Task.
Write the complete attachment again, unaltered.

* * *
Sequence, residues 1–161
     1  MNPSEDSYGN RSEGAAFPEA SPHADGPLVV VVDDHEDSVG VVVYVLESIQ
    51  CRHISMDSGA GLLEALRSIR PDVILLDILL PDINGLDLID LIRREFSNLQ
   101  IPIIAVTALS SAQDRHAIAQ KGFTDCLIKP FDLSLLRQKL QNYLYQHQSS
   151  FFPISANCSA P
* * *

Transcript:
Sequence, residues 1–161
     1  MNPSEDSYGN RSEGAAFPEA SPHADGPLVV VVDDHEDSVG VVVYVLESIQ
    51  CRHISMDSGA GLLEALRSIR PDVILLDILL PDINGLDLID LIRREFSNLQ
   101  IPIIAVTALS SAQDRHAIAQ KGFTDCLIKP FDLSLLRQKL QNYLYQHQSS
   151  FFPISANCSA P